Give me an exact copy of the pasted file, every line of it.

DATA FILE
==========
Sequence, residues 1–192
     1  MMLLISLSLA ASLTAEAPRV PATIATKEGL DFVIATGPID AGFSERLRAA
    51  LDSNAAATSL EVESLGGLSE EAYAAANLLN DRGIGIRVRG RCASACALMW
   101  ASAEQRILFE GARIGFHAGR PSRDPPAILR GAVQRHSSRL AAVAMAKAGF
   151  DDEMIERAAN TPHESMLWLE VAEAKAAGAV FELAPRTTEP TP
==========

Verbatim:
Sequence, residues 1–192
     1  MMLLISLSLA ASLTAEAPRV PATIATKEGL DFVIATGPID AGFSERLRAA
    51  LDSNAAATSL EVESLGGLSE EAYAAANLLN DRGIGIRVRG RCASACALMW
   101  ASAEQRILFE GARIGFHAGR PSRDPPAILR GAVQRHSSRL AAVAMAKAGF
   151  DDEMIERAAN TPHESMLWLE VAEAKAAGAV FELAPRTTEP TP